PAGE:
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First, it Was Toy Hamsters. Now, it’s Toy Nazis.

On Behalf of | Nov 4, 2015 | Legal Blog

Last month we reported on the unusual “right of publicity” case involving Harris Faulkner and Hasbro (“A plastic hamster by any other name…”). You may recall that Hasbro, a toy manufacturer, released a line of plastic toy animals with real sounding names, including a toy hamster named “Harris Faulkner.” It turned out that Harris Faulkner is also the name of a FOX News personality who is very protective of her name and her public persona. She was so upset by the use of her name in relation to a plastic toy rodent (and, at least as she claims, a similarity between the facial features of the toy and of herself) that she filed suit against Hasbro for $5 million alleging, among other things, infringement on her right of publicity. The case is just getting underway in New Jersey District Court.

Now, another well-known personality, this one a European footballer, has had to start his own legal proceedings when he discovered that a Hong Kong toy manufacturer had used his likeness and his first name to produce a World War II Nazi doll (or “action figure” for the male doll collectors out there). German tabloid Bild recently reported that Manchester United midfielder Bastian Schweinsteiger (who also plays as the captain for the German national team) had retained lawyers to begin proceedings in order to prevent sales of the 30cm figure. Due to retail for about $120.00, the doll is being manufactured by Dragon in Dream, a company that is known for producing collectible dolls dressed in period costume, especially military figures from World War II and the modern era. It comes with outfit changes, including a white winter jacket and gloves, and other accessories such as two loaves of bread and a set of mess tins.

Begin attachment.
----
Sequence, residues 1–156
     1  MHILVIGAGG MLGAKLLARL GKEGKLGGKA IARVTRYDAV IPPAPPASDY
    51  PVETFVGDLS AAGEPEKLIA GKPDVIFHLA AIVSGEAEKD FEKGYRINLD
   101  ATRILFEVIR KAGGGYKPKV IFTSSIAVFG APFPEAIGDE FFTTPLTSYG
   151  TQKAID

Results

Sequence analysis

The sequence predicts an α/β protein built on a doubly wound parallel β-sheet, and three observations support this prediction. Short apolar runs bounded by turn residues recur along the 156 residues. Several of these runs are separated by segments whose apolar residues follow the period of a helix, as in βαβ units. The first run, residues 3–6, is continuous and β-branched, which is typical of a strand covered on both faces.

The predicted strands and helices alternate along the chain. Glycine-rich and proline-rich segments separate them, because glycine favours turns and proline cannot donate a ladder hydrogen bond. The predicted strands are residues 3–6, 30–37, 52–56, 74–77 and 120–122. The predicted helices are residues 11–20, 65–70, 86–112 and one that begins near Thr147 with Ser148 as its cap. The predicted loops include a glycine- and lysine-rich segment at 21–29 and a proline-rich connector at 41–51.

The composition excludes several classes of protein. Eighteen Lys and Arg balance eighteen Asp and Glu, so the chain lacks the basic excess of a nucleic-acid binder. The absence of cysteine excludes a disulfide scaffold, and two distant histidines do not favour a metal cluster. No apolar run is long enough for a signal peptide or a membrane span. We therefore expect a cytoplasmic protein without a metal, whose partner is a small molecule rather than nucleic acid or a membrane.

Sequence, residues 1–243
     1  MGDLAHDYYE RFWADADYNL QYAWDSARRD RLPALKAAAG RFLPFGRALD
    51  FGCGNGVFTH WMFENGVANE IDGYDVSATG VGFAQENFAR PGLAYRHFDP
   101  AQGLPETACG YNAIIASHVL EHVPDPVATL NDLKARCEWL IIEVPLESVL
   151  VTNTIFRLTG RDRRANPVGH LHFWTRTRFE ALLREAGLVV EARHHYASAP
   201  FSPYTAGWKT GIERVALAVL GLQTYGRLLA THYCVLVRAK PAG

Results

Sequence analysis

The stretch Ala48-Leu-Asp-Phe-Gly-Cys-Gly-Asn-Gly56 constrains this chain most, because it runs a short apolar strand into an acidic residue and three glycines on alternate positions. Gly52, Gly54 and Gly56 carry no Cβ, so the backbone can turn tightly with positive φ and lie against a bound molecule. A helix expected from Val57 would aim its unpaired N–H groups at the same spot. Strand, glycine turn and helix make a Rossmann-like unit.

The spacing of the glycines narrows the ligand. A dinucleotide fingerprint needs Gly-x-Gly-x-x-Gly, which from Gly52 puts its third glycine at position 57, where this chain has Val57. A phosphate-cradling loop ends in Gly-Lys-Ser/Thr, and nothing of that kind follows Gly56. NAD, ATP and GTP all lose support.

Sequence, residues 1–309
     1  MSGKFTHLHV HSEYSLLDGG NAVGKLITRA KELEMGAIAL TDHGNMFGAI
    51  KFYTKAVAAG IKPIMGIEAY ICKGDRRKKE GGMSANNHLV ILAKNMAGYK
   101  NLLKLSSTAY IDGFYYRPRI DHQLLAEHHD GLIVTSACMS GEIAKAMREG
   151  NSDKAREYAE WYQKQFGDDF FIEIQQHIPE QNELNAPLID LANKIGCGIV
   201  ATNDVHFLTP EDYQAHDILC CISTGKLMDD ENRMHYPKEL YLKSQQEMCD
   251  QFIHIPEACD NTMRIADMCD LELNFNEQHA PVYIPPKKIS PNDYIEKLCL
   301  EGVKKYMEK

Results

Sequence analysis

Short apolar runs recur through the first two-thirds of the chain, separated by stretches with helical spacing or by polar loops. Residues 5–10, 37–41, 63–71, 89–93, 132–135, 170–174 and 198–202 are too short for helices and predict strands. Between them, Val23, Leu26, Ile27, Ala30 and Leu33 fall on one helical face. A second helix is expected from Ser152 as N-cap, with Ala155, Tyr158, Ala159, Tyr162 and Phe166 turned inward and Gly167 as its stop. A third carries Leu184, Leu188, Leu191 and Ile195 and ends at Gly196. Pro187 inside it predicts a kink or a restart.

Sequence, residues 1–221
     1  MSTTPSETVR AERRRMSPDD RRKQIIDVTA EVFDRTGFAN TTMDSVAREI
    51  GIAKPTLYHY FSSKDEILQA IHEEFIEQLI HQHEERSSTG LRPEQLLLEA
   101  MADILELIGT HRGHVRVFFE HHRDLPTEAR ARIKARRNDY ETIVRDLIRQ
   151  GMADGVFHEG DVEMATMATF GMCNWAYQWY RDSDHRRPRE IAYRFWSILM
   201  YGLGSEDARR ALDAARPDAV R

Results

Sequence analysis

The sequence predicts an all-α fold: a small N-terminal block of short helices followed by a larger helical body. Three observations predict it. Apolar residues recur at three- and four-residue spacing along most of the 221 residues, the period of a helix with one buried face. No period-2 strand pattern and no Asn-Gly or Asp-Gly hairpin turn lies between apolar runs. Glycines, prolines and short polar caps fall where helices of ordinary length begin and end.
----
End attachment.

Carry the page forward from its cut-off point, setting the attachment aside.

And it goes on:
Bild labeled the doll a “dirty Chinese slur” against the captain of the German football team who is a hero to many of his countrymen and women. And, German media lawyer Ulrich Amelung told the paper that he believed Schweinsteiger would have strong legal grounds on which to stop the doll from being sold.

“This is a clear violation of Schweinsteiger’s personal rights. Every person has the right to their own image. Furthermore the depiction of a swastika-wearing Wehrmacht soldier constitutes gross defamation and offence,” he said.

In response and rather remarkably, Patrick Chan, a spokesman for Dragon in Dream, told Bild that any resemblance to Schweinsteiger was a coincidence. He added: “The figure is based on a typical German. We believe that all Germans look like that.”

In the United States, the laws protecting the “right of publicity” (sometimes referred to as “personality rights”) vary from state to state, but, generally speaking, the right of publicity prevents the unauthorized commercial use of an individual’s name, likeness, or other recognizable aspects of one’s persona and it gives an individual the exclusive right to license the use of their identity for commercial promotion. The right of publicity is largely protected by state common law or statutory law even though only about half the states have distinctly recognized a right of publicity and many of these do not recognize a right by that name but protect it as part of the Right of Privacy.

In other states, the right of publicity is protected through the law of unfair competition and actions for misappropriation or for a wrongful attempt to “pass off” the product as endorsed or produced by the individual protect that right. And thirdly, if a person can establish an aspect of his or her identity as a trademark, protection may be provided by Federal law especially where a person’s identity is used to falsely advertise a product or to designate its origin.

Why It Matters. Nobody wants their likeness used on a toy Nazi.